The last five chapters run with this culture war theme, and they are organized as a back-and-forth between the two sides. First there's "Justice On The Rise," (chapter six), documenting Great Depression campaigns for economic justice and the defense of marginalized groups, including Japanese Americans during World War II. Then, in "The Right Gathers Itself" (chapter seven), Soden describes the efforts of Abraham Vereide, Youth for Christ, and Fred Schwarz to mobilize against communism and secularism. That is followed by "Trying To End Segregation" (chapter eight, one of the strongest chapters in the book), in which the region's black church leaders spearhead efforts to challenge segregation in the 1960s. Next, in "The Christian Right Strikes Back" (chapter nine), Soden argues that the Pacific Northwest's Christian Right was not primarily motivated by racial issues, but rather drew strength from fears over the extension of civil rights activism into the realms of feminism and sexual orientation. Soden concludes by giving liberals the last word with "Liberal Dreams and Ecumenical Activists" (chapter ten), an examination of campaigns by religious progressives to extend and defend civil rights, oppose war, promote economic justice, and defend the environment.
One of Soden's most impressive feats in Outsiders in a Promised Land is providing a coherent narrative thread. By emphasizing the theme of religious activists as outsiders --first in a class-based confrontation with working-class men and then in the cultural battles between competing middle-class groups -- Soden manages to cover 150 years of religious activism in a readable and easy-to-follow way. At the same time, Soden consistently highlights national trends and movements even as he provides a regional perspective on the same.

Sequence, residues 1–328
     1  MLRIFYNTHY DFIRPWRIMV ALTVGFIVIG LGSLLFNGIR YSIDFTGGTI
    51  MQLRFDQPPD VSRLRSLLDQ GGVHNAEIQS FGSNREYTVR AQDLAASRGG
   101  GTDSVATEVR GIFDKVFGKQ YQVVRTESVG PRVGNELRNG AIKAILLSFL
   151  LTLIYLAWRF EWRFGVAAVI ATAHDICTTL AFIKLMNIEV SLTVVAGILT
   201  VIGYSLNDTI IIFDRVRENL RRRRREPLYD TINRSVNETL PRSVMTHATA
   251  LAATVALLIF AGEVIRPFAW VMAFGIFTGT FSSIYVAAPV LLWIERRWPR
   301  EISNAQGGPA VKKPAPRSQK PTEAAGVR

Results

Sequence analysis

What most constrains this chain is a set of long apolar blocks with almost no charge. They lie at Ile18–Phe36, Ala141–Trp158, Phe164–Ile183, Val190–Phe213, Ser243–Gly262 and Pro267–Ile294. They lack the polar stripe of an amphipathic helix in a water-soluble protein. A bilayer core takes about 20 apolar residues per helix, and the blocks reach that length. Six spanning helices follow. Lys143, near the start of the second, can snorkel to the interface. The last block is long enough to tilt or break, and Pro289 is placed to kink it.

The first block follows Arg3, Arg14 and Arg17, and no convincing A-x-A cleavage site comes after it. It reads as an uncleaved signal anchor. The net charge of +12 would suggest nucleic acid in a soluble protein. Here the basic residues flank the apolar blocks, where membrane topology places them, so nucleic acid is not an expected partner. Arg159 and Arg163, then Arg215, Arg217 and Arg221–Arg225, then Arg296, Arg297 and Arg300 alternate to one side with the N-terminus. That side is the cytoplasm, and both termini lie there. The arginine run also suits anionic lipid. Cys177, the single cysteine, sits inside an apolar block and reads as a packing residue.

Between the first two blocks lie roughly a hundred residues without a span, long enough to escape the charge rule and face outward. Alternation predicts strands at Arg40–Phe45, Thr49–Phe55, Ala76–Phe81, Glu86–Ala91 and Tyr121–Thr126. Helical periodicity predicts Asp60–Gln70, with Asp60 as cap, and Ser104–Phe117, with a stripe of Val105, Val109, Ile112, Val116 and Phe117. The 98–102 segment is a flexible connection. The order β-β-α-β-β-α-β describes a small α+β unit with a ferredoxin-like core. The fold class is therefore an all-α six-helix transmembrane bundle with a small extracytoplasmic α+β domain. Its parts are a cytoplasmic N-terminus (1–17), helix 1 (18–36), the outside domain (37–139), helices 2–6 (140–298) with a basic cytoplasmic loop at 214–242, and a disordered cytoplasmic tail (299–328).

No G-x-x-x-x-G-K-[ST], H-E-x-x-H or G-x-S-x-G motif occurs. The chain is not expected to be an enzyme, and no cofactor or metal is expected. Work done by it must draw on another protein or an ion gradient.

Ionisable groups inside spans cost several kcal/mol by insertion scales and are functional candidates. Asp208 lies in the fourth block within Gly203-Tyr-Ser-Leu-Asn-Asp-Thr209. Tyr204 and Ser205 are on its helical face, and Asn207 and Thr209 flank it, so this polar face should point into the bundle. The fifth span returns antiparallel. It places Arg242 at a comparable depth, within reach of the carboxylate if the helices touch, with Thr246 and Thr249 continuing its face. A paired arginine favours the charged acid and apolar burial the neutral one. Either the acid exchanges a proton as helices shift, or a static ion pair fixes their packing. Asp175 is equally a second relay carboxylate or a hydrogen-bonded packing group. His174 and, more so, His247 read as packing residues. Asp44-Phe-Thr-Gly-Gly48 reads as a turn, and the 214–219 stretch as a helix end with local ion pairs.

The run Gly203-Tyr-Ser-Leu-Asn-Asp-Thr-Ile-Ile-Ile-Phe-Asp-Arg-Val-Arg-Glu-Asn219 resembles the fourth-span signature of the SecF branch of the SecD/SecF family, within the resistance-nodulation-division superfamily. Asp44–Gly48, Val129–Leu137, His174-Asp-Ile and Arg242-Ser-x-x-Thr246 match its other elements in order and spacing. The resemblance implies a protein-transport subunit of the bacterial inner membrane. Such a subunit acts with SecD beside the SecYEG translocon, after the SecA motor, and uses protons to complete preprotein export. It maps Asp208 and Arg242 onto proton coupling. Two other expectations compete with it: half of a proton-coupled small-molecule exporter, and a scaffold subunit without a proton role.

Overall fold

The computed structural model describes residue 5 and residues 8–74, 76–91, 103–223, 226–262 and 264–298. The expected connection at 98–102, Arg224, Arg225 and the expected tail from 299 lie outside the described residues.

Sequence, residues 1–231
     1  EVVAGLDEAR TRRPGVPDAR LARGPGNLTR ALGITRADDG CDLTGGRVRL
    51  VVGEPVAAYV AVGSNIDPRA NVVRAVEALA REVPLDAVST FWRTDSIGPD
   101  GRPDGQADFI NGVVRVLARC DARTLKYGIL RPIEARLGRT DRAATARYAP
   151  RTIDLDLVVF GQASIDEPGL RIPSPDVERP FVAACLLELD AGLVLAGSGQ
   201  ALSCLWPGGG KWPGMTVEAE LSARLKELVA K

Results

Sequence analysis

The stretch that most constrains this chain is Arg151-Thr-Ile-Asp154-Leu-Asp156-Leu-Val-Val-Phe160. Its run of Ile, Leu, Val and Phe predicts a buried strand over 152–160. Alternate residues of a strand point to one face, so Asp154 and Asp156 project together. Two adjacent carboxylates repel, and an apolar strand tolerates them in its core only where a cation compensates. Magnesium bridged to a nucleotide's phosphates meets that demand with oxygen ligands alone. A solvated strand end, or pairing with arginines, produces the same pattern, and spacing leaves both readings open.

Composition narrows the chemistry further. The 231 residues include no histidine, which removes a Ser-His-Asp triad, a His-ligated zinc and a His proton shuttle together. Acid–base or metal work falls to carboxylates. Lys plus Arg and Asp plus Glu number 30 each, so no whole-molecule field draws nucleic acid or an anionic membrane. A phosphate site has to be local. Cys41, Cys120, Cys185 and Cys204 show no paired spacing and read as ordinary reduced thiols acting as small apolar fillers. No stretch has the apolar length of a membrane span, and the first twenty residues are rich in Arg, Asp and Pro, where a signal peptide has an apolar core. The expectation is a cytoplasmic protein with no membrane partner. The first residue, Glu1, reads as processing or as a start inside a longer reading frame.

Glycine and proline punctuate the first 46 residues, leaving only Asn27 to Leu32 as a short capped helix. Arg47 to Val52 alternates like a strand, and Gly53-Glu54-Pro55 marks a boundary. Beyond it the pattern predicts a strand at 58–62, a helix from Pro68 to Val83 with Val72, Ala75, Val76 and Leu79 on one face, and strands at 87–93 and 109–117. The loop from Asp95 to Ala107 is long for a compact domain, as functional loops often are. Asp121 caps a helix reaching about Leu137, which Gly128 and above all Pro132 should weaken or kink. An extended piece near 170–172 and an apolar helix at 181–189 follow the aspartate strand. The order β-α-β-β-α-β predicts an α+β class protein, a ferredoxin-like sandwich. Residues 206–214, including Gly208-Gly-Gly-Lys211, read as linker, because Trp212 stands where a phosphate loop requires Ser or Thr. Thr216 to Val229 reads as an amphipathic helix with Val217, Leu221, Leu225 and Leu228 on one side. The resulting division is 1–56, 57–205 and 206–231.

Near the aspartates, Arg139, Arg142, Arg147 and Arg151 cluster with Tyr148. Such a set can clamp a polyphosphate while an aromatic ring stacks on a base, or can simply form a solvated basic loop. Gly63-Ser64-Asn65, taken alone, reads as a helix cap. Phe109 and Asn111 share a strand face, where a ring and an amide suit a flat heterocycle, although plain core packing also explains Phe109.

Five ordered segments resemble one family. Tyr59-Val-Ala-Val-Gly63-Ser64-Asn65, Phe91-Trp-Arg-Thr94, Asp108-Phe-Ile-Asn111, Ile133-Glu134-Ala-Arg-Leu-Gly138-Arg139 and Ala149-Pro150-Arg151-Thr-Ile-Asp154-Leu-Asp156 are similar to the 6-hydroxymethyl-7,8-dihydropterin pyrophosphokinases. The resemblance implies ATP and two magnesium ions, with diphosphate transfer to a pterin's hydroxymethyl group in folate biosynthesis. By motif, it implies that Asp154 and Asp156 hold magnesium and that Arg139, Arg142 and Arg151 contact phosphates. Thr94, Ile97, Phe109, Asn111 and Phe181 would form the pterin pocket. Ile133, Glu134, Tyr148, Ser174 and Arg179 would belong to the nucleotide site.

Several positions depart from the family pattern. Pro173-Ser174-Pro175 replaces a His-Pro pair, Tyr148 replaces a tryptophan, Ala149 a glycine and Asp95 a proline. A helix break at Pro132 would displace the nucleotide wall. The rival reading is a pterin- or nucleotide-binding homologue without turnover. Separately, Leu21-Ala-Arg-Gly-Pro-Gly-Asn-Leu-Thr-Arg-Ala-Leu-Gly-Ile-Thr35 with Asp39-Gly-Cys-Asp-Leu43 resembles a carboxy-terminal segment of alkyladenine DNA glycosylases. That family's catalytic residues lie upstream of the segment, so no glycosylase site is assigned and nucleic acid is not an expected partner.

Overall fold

Of course, any book as ambitious as this will necessarily neglect some themes or topics. As mentioned above, Soden tends towards a tri-faith view of religion, with Protestants receiving the most attention. The religious activism of individuals who did not operate within an institutional Jewish, Catholic, and Protestant framework is largely absent. So, too, Soden tends towards an urban focus. The cities of Portland, Seattle, and Spokane dominate, and there is little sense of how rural/urban differences might come into play in the region.
That said, Outsiders in a Promised Land is a very good book that should be of particular interest to scholars who study the history of religion in the American West. I imagine that this book would also be well-suited for use in an undergraduate course on religion in the region (although the target market for such a course would be confined to schools in Oregon and Washington). Those seeking to understand or tell a national story would benefit from the book as well -- it might be wise to follow in the footsteps of Kruse and Sutton by including religious leaders who toiled away in the None Zone. For any such efforts, Soden's book is the essential introduction.
*In Soden's section on the KKK he approvingly cites the work of Kelly Baker, a scholar who should be familiar to many readers of this blog. But in the text Baker is mistakenly referred to as "He" (p. 103). I've heard scholars mention before how annoying it is when a reviewer highlights typos, but I felt like this error -- no doubt unintentional -- should at least be pointed out.